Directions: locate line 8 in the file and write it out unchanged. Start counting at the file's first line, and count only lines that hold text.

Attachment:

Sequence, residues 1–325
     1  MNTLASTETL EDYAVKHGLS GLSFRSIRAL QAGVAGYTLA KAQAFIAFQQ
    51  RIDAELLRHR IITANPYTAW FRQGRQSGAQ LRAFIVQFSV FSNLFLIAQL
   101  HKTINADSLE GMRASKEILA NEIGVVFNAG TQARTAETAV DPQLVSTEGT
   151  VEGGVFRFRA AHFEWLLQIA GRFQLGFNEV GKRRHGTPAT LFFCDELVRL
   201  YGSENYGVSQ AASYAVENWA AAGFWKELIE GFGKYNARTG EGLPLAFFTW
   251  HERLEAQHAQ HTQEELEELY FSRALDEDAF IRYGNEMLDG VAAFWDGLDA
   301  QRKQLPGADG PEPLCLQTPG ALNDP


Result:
   301  QRKQLPGADG PEPLCLQTPG ALNDP